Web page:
This leads to a pivotal question: Where should a family office focus its resources?

Investment committees often get entangled in the allure of individual stock stories, or alternative investments fables, frequently peddled by private banks. These narratives may constitute only a small fraction of the portfolio but tend to consume a disproportionate amount of discussion time. While stock selection has its place, the process of determining a family’s strategic asset allocation is often less robust. Risk tolerance questionnaires are commonly employed, but they seldom capture the full complexity of a family’s financial situation.

Many family offices fail to consider the family’s entire wealth spectrum, which often includes not only the family business but also real estate, art, and collectables. This oversight leads to a dislocated approach. While some aspects, such as cash flow and currency considerations, may be well-managed, other crucial factors like interest rate sensitivity and geographical diversification are frequently overlooked. For example, if a family business is burdened with debt and sensitive to interest rate changes, the bond allocation in the strategic asset allocation should be adjusted accordingly.

Family wealth is often a complex blend of various asset classes, each with its unique characteristics and trade-offs. For example, family businesses are not only long-term revenue generators but also sources of pride, family unity, and social capital. However, they are often illiquid, requiring considerable time to sell.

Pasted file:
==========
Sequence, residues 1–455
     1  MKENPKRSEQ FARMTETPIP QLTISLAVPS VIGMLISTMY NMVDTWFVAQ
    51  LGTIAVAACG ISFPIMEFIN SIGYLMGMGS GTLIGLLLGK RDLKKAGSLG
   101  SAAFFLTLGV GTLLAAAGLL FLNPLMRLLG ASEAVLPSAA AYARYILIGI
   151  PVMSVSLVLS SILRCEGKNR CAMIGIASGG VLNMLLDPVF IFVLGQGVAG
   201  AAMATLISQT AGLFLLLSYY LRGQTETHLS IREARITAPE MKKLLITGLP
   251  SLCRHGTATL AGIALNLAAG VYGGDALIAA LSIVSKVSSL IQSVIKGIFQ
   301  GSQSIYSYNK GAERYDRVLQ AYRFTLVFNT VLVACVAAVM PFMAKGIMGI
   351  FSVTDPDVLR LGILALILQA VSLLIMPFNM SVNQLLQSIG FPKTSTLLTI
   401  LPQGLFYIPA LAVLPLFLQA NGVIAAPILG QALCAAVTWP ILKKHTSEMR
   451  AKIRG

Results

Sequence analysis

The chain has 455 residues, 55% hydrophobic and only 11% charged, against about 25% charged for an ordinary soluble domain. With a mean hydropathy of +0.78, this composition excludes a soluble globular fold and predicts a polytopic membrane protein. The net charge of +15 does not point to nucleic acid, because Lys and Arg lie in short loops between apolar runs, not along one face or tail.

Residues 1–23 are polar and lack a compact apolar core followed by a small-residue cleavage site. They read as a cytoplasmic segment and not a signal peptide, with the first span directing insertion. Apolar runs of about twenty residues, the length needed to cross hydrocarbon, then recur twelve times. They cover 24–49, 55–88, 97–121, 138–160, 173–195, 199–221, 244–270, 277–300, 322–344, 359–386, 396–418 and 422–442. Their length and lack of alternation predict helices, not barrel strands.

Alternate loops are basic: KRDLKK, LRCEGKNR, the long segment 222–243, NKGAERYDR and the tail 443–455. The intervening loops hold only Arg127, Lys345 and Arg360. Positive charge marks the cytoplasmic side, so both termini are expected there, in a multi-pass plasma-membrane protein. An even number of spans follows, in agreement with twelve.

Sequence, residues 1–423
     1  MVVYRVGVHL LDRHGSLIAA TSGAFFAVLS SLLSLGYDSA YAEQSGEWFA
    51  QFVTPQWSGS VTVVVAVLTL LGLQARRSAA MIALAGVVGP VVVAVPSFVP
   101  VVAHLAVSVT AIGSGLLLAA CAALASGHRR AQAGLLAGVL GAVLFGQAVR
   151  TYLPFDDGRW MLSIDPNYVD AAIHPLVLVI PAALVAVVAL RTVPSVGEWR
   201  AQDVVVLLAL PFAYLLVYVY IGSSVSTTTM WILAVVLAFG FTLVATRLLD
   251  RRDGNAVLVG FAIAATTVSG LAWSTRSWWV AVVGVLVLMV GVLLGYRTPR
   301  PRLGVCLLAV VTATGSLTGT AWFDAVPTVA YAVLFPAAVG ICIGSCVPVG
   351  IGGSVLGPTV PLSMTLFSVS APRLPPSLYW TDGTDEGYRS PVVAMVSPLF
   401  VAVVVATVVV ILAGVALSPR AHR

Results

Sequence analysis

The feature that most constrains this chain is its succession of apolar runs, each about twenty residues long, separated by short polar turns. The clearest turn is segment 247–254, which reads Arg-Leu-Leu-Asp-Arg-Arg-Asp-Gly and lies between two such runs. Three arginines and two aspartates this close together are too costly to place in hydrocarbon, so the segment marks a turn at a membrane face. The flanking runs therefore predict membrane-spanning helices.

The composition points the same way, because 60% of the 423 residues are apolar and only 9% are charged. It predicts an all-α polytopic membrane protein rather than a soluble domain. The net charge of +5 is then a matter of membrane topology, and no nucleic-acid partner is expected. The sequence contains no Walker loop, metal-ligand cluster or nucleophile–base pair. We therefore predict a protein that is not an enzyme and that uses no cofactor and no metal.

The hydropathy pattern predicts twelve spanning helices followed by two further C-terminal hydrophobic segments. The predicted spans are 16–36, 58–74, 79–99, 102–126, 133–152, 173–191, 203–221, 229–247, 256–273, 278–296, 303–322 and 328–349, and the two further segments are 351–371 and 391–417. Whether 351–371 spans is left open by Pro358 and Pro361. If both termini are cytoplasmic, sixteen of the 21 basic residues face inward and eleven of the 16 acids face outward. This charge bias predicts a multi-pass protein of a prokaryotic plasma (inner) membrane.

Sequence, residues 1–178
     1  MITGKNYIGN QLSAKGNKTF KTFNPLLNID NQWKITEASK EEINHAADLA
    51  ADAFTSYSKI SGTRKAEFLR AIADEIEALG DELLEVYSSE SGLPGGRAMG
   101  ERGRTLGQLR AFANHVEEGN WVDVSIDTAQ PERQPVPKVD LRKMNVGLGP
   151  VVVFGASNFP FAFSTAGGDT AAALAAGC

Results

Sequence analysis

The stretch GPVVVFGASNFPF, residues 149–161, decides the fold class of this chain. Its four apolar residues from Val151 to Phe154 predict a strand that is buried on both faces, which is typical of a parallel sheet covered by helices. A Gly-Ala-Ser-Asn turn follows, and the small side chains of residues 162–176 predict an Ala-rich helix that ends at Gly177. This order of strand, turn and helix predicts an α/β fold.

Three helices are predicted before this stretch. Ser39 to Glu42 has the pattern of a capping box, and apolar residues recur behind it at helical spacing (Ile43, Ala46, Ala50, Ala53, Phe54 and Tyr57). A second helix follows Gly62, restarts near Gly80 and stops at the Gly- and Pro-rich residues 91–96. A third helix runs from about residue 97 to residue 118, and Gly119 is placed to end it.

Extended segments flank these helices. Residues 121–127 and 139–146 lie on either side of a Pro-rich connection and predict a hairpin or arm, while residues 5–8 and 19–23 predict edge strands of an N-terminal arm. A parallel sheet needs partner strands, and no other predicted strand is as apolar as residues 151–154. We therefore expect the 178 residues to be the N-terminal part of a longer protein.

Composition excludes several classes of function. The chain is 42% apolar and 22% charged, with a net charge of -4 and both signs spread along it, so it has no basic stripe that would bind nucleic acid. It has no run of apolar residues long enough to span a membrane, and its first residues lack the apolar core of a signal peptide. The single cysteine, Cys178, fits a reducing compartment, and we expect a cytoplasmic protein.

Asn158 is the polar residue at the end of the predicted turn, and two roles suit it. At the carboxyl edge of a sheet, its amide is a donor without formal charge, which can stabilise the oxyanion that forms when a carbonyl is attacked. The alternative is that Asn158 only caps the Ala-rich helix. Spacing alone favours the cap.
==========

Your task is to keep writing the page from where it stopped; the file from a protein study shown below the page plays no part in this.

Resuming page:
In the investment portfolio, traditional assets like stocks and bonds offer unique advantages in terms of liquidity and divisibility. They can mould to complement other asset classes, such as real estate or collectables, providing essential diversification. Moreover, this adaptation can be achieved quickly.

Much like a master chef carefully selects and blends ingredients, each contributing its unique flavour but reaching culinary excellence only when combined in the right quantities and at the right time, so too does the art of asset allocation lie in finding the right balance among various asset classes. Given these diverse asset characteristics, family offices must adopt a holistic approach to strategic asset allocation. This involves tailoring the investment portfolio to complement the family’s financial ecosystem, thereby maximizing overall wealth. Adopting such a comprehensive approach is not merely best practice; it’s essential for the family’s long-term financial success.